The holiday month of August used to be a time for Italian men to stay in Rome while their wives went off to the seaside, kids in tow. The husbands ostensibly had to stay in the city to “work,” though that was often a euphemism for spending leisure time with their mistresses, without having to worry about excuses or lies.
In cafés and restaurants, experienced waiters would pretend not to recognize their regular customers, now canoodling with their seasonal sweethearts. As the saying went, “Ferragosto moglie mia non ti conosco” which might best be translated as “It’s the middle of August—who are you again?” or, even more loosely, “Wife, what wife?”
But not anymore.
Like a prudish spoilsport, the European economic crisis is rapidly changing Italy’s social mores. Not only are wives increasingly working to support their families and, thus, also spending summers in the city, but it’s also becoming prohibitively expensive to support the accoutrements of a double life. Italy’s tough recession has made it difficult for philandering husbands (and in some cases wandering wives) to hide extracurricular expenditures like extravagant gifts and clandestine romantic meals on tight budgets, which means that the customary postcoital, five-course lunch following an illicit afternoon assignation have become a thing of the past. These days, paramours have to make do with take-out slices of pizza.
“There was a time when the couples here were all lovers, not spouses,” says Marco, a waiter at Café Delle Belle Arti, which overlooks the Villa Borghese. “It’s different now. We’ve got far more traditional couples in the summer months, and that changes the ambience.”
The government’s austerity measures and tougher tax regulations have also put a damper on things. Hiding a hotel bill from a romantic getaway by claiming it as a business expense is no longer tacitly accepted. Even the reintroduction of Italy’s property tax on second homes (abolished by Silvio Berlusconi but reinstated by Mario Monti) affects the love life of the Italians by making it tricky to keep that crucial pied-a-terre for midday trysts. “Giancarlo” who doesn’t want to use his real name for obvious reasons, is a 48-year-old married tax lawyer who recently was forced to rent out his bachelor pad in Rome because of the new tax burden. “It really messed up my romantic life,” he told The Daily Beast. For more than six years, he had met his lover, a 46-year-old woman who is also married, at the apartment for long romantic “lunches.” Without the apartment, he said, “we couldn’t find a way to hide a hotel bill, and it gets very old to try to keep up an amorous relationship in a parked car—especially at our age.” The two eventually split up.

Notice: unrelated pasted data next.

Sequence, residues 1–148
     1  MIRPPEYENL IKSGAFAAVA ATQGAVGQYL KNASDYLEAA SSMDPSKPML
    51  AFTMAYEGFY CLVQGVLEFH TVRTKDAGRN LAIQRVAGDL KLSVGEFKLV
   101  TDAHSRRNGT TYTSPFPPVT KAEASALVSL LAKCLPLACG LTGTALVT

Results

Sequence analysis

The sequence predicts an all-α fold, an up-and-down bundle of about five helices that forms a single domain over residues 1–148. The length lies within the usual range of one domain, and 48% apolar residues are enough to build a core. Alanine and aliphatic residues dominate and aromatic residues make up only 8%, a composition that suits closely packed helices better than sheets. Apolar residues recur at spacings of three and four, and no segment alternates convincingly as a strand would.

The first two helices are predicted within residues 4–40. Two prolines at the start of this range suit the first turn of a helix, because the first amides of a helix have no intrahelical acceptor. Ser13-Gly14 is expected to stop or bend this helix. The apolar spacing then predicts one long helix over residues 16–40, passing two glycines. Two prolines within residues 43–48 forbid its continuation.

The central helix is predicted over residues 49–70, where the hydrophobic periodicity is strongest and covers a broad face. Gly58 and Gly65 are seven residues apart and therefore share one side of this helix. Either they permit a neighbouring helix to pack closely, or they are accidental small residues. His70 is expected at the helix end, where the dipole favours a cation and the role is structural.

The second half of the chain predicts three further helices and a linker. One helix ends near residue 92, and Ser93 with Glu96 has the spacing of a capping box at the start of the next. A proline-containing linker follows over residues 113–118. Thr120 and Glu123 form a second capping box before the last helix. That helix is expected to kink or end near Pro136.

The Italian psychologist Florinda Bruccoleri, who has studied the issue, recently wrote on her blog that, these days, ”infidelity is at least as stressful as the original marriage because of economic concerns. It’s hard to reconcile keeping the equivalent of two wives.”
The crisis has reached such proportions Italy’s most popular glossy magazine, Panorama, dedicated a cover story to the issue, under the headline: Anche l'amante e in crisi (Even the Lovers Are in Crisis). The piece elucidated the reasons behind the distressing loss of the “wife on the side” that Italian men have long enjoyed as a right. Blaming economic hardship and the ease with which affairs can now be discovered because of social media, the writer quotes a series of nameless men who say their lives feel incomplete without their inamorata.
For many married Italians, playing around has simply been par for the course. Another popular Italian proverb, “non c’e due senza tre,” translates roughly to “no two without three.” When said with a sly smile or a raised eyebrow, it is taken to mean that every couple has a third partner lurking somewhere in the background.
According to the World Atlas of Sex, a survey published last month in France (inevitably), Italians are the most unfaithful people in the world, followed (closely) by the French and the Spanish—the U.S. ranks 17th—though the survey, which is based on admissions of adultery, may be skewed by Southern European bluster.
Reliable statistics based on self-reporting are, of course, hard to come by, given the inherent secrecy and deceitfulness of the deed. (Who is really honest about their dishonesty?) A more accurate estimation of the prevalence of cheating, perhaps, can be found in divorce court, and last year, the Italian association of divorce lawyers published a study of infidelity based on a review of divorce cases over the last five years. According to the study, 55 percent of Italian men and 42 percent of Italian women have cheated, or are currently cheating, on their spouses. The study also found that the most adulterous age is between 40 and 50, and that more than 60 percent of all affairs take place between colleagues. And according to the study, 7 percent of married men cheated with other men in homosexual relationships, compared with 5 percent of women who sought out lesbian encounters.
In terms of the geography of extramarital relations, the lawyers found Milan to be the two-timing capital of Italy followed by Rome, Bologna, and Turin. The survey also suggested that cheaters were most commonly exposed by the discovery of illicit cellphone text messages. (A. Weiner, take note.)
But getting caught doesn’t necessarily cause a breakup. “In our country, infidelity is no longer seen in a tragic way,” says Gian Ettore Gassani, a divorce lawyer and one of the authors of the study. “Only 40 percent of divorcing couples split because of infidelity.” Let’s face it: these days, who can afford to be single?